On the sidelines, coffee dispensers joined Gatorade buckets. Players sat on 150,000 BTU propane-fueled benches that had been shipped from Philadelphia and huddled around more than a dozen kerosene-fueled heaters on the sidelines.
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During timeouts, some referees grew a little too toasty at the heaters. “You smell something burning?” someone asked back judge Jim Poole. The referee looked at his smoldering shirt and realized it was him.
The frozen pigskin was as slippery as a greased pig and hard as a rock. After a paltry 27-yard boot, San Diego punter George Roberts returned to the sideline and muttered, “It’s like kicking a cinder block."
A 36-yard field goal attempt by Chargers kicker Rolf Benirschke didn't even reach the uprights. The stadium’s unforgiving artificial turf, which even on warm days provided the slim comfort of a throw rug on a concrete floor, was frozen solid so that players felt as if they were being tackled in a parking lot.
Like steam from a locomotive, the white plumes of breath that emanated from under players’ helmets as they ran down the field clouded their vision. “When you went to catch the ball,” Cincinnati wide receiver Cris Collinsworth told the media after the game, “your breath would come up and form a smokescreen in front of your face."
The Chargers responded to Cincinnati’s early lead with tight end Kellen Winslow’s 33-yard touchdown catch and scamper, but a 40-yard kickoff return set up a Bengals touchdown that gave Cincinnati a 17-7 lead. Two successive drives deep into Cincinnati territory ended with San Diego’s Hall of Fame quarterback Dan Fouts tossing interceptions, one of which occurred in the end zone.
Cincinnati Bengals Clinch First Super Bowl Berth
After a brief halftime thaw, the Chargers remained cold in the second half. After running back Chuck Muncie fumbled on the team’s opening drive, the Bengals took advantage of the turnover with a field goal.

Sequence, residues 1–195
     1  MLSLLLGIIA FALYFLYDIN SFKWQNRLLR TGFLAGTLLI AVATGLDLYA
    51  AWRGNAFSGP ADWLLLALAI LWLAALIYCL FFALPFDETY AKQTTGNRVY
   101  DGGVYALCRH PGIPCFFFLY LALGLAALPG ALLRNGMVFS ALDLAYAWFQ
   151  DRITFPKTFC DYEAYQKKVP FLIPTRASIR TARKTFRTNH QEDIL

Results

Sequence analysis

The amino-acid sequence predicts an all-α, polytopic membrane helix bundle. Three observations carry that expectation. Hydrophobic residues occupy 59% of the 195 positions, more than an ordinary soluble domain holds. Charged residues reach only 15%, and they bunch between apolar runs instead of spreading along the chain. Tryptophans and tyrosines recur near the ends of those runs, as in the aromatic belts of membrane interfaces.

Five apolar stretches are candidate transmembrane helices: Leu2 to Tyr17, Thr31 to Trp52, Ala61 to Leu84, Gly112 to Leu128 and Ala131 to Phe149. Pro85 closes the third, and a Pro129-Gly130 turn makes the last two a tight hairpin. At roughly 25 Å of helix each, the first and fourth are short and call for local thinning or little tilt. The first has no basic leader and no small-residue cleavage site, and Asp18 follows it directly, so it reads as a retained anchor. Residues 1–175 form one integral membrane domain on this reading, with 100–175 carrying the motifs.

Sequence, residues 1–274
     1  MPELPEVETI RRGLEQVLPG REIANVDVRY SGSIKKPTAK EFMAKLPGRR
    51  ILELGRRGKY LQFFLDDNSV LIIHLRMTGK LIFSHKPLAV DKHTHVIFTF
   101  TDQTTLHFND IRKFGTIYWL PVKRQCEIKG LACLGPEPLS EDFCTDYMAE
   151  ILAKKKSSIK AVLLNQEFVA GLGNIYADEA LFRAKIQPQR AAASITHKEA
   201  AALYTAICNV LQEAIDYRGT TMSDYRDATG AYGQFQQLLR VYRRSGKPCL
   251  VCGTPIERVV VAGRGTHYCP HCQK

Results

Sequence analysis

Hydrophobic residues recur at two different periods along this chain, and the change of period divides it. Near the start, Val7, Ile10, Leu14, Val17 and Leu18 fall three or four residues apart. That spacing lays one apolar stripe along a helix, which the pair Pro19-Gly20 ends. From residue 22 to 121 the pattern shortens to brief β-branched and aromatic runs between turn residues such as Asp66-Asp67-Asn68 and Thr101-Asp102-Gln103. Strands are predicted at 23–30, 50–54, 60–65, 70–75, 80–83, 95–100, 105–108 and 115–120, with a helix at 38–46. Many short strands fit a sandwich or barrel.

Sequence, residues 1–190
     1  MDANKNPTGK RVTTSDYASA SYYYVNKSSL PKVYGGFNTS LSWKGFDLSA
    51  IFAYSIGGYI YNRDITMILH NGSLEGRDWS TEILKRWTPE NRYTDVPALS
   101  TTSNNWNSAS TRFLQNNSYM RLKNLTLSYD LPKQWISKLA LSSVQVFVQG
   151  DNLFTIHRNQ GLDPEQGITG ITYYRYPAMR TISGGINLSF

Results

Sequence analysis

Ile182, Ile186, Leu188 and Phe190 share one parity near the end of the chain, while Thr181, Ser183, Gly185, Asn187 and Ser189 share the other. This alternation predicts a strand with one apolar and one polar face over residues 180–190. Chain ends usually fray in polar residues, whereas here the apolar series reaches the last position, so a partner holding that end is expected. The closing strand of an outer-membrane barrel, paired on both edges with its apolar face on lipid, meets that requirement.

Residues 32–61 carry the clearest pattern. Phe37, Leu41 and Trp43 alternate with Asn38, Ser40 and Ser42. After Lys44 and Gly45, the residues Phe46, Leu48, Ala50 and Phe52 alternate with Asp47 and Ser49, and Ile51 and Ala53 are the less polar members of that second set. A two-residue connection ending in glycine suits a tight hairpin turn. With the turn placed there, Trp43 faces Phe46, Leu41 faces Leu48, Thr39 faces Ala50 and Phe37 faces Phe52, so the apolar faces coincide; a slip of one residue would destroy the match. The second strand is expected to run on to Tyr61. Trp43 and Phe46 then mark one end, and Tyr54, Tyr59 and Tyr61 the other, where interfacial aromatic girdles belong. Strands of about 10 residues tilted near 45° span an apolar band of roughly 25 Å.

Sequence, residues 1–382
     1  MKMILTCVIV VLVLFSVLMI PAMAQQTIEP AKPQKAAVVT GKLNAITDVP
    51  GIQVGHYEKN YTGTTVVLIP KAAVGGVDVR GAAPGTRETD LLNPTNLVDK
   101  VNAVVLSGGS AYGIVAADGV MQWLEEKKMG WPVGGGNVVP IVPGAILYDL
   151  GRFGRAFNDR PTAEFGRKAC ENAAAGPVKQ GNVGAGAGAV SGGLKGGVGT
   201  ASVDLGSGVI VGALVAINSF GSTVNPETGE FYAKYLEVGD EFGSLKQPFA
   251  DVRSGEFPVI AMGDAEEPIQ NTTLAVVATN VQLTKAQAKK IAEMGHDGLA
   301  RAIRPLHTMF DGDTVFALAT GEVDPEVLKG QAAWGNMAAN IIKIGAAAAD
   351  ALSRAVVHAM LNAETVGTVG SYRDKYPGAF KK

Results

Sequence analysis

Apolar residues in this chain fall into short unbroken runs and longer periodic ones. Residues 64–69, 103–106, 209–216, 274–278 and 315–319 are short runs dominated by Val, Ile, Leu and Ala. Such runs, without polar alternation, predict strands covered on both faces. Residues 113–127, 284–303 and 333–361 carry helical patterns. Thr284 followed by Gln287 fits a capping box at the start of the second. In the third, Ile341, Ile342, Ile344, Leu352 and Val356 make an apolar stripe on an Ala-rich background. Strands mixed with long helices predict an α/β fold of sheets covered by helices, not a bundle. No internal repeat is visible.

The bitter cold and Cincinnati’s stout defense grounded San Diego’s high-flying offense. As ice crystals formed on the Chargers quarterback’s beard, Fouts watched as the 35-mile-per-hour wind gusts made his passes flutter like butterflies.
A fourth-quarter touchdown throw from Anderson to tight end Don Bass sealed Cincinnati’s 27-7 win and its first trip to the Super Bowl.
Anderson, who would receive NFL Most Valuable Player and Comeback Player of the Year honors for the 1981 season, completed 14 of 22 passes for 161 yards and was the team’s second-leading rusher. “You would have thought it was a spring afternoon,” Collinsworth recalled of Anderson’s play. “It was one of the single greatest performances by a quarterback in the history of the NFL."
As Cincinnati celebrated the victory, another of the NFL’s greatest games unfolded in the warmer climes of northern California as the San Francisco 49ers defeated the Dallas Cowboys when tight end Dwight Clark made “The Catch” in the waning seconds of the NFC Championship Game.
Weather played no factor two weeks later when the Bengals lost to the 49ers inside the climate-controlled Pontiac Silverdome in Michigan. Although the Super Bowl XVI loss stung Bengals fans, their hearts would be forever warmed by thoughts of their team’s Freezer Bowl triumph.